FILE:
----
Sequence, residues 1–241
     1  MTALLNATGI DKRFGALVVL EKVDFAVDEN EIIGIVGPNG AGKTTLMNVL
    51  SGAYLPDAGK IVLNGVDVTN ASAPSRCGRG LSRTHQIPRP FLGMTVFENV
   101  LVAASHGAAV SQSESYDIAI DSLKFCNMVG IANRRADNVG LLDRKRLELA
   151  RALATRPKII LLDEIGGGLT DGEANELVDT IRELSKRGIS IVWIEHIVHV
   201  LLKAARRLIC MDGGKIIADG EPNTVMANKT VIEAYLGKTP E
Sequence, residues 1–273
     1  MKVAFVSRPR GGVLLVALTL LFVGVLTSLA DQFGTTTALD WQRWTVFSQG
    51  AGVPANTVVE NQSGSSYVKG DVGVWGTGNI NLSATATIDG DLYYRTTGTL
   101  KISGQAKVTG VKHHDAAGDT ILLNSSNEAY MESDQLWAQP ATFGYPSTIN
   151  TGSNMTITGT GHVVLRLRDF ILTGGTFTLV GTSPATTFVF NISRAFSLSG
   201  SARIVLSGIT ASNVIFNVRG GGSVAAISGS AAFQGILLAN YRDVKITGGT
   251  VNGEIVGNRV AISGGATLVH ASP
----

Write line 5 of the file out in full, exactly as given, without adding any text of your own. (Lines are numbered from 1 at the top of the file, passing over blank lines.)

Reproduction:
   151  RALATRPKII LLDEIGGGLT DGEANELVDT IRELSKRGIS IVWIEHIVHV